INSURANCE CRIME IS A VIOLENCE CRIME
When convicted of first-degree murder and conspiracy to commit murder for life insurance money, defendants demand a lot of chutzpah (unimproved bile) to file several appeals to reduce or eliminate life without a suspended sentence. In the latest effort, The People v. Leny Peterson Galafate, F081563, California Court of Appeals, Fifth District (June 9, 2022), the Court of Appeal wrote a detailed opinion discussing all the arguments submitted by the killer and spending more time and paper than a convicted murderer who had already appealed without success to various courts that were not deserved.
In 1989, the appellant Leny Peterson Galafate and her then-husband, accomplice Roman Galafate III, were convicted after a joint jury trial of charge 1, first-degree premeditated murder, on the special ground that the murder was intentional and carried out for financial gain; and indictment 2, conspiracy to commit murder for financial gain.
In 1991, the Court of Appeal upheld the defendants’ convictions and judgments on appeal and the Supreme Court refused to try their case. Not convinced that they appealed again involving Lenny’s request for appeal under section 1170.95 of the Penal Code, filed in 2019. Her request claimed that she was entitled to relief because she was not the actual killer, and her murder was based on the rule of aggravated murder and / or or the doctrine of natural and probable consequences. The court rejected the petition without holding a hearing.
Leny argues that the superior court erred in relying on this court’s previous opinion to summarily reject her submission without trial, this court’s previous opinion is likely to be unreliable, and she made a prima facie case for relief as the instructions allowed the jury to rule. for having robbed her. on an ascribed malicious theory.
In the mid-1980s, the accused Roman Galafate (Roman) and his then wife, Leny Petersen Galafate (Leny), lived with family members in Delano, California. Roman was an agent for the Midland National Life Insurance Company (Midland National) and had an office in the MGM Professional Building in Delano.
Roman processed an application for insurance of $ 250,000 for Violeta Petersen’s life. The application was dated 18 February 1986 and was named “Leny Petersen” as the recipient of the proceeds. Leny Petersen was Lenny’s maiden name.
Roman sent the completed application and money order to Midland National in Sioux Falls, South Dakota. Midland National received the documents sometime between 06.15 on Friday 21 February 1986 and at 06.15 Monday, 24 February 1986.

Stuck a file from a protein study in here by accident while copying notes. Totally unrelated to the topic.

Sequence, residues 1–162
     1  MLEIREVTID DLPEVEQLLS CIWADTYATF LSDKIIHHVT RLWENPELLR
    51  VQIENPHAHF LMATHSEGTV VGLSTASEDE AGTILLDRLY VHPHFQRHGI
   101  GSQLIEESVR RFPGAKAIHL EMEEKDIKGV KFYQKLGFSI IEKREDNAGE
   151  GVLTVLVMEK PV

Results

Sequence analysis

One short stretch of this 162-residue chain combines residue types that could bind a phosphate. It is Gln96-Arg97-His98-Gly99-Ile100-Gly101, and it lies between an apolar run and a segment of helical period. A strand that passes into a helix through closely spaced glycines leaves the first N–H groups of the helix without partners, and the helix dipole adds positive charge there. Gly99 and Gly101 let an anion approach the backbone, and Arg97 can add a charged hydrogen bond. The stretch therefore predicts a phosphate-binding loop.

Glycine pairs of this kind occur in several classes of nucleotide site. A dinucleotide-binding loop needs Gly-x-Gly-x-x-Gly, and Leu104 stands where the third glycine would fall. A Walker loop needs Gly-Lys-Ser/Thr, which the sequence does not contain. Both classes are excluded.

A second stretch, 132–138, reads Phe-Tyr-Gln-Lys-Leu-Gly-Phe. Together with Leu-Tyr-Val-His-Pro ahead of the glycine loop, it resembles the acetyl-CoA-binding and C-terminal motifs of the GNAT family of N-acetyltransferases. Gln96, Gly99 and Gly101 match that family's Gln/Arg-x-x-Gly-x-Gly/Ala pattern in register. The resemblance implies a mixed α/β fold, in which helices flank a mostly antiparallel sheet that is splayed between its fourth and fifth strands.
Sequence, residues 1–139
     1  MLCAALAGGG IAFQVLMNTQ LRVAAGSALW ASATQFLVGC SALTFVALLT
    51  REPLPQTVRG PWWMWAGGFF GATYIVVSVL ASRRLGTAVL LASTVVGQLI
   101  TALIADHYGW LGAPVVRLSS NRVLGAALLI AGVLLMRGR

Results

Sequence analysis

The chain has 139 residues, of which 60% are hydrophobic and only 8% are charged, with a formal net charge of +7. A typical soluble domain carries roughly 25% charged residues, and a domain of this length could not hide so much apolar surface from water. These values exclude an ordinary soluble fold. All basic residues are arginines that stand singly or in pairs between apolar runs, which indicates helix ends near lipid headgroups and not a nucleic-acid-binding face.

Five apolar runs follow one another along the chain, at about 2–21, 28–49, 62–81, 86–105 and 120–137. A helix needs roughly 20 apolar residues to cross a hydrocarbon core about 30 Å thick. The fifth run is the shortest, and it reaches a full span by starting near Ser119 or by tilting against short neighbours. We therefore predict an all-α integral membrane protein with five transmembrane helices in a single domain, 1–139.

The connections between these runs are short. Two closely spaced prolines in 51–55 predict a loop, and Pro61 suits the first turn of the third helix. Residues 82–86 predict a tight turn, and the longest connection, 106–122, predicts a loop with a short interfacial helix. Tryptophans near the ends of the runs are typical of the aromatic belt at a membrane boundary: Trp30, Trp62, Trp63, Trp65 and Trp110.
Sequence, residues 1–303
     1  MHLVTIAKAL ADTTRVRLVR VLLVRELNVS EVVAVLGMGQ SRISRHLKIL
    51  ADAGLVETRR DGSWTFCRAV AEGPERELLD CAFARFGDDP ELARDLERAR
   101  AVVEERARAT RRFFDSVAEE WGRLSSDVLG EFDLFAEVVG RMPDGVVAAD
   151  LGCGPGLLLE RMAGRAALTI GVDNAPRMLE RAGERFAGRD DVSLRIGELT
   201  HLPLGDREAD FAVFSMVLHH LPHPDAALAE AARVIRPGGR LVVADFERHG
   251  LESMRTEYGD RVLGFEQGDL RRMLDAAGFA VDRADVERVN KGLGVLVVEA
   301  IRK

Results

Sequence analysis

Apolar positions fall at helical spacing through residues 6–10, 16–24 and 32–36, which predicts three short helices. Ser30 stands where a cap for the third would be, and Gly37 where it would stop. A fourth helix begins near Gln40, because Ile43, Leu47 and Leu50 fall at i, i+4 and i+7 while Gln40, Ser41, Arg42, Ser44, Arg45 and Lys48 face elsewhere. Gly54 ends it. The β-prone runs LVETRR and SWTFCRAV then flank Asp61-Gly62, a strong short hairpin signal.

On February 24, 1986, Dr. Armand L. Dollinger, a forensic pathologist, an autopsy of Violeta Petersen’s 5 foot three inch body of 102 pounds. Dr. Dollinger concluded that Violeta died of suffocation caused by ligature strangulation sometime before 1 p.m. 14.00 on 22 February 1986. The ligature could have been a rope or a string. Dr. Dollinger testified that the death by ligation strangulation would have taken several minutes.
On June 11, 1986, Midland National’s Reny Petersen sent a check for $ 76,362.50, representing revenue from Violeta’s 1985 policy plus interest.
On January 23, 1989, after a joint jury trial, both Roman and Leny were convicted of first-degree premeditated murder, with the special circumstance found to be true; and indictment 2, conspiracy to commit murder for financial gain, with two obvious acts found to be true.
The court sentenced both Roman and Leny to life without the possibility of parole for charge 1, first-degree murder with the special circumstances, and remained for 25 years to life for charge 2, conspiracy to commit murder.
A review of the entire journal reveals significant evidence of the accused Leny Galafate’s status as both accomplice and accomplice and conspirator. Leny Galafate forged Violeta Petersen’s signature on a $ 250,000 insurance claim. In the application, the defendant, under her maiden name Leny Petersen, was stated as the policyholder. Someone murdered Violeta Petersen within a week after the application was executed. Defendant filed a $ 250,000 claim, dated April 4, 1986, with Midland National. Midland National accepted the claim and questioned both the use of the defendant’s maiden name and her signature on the application.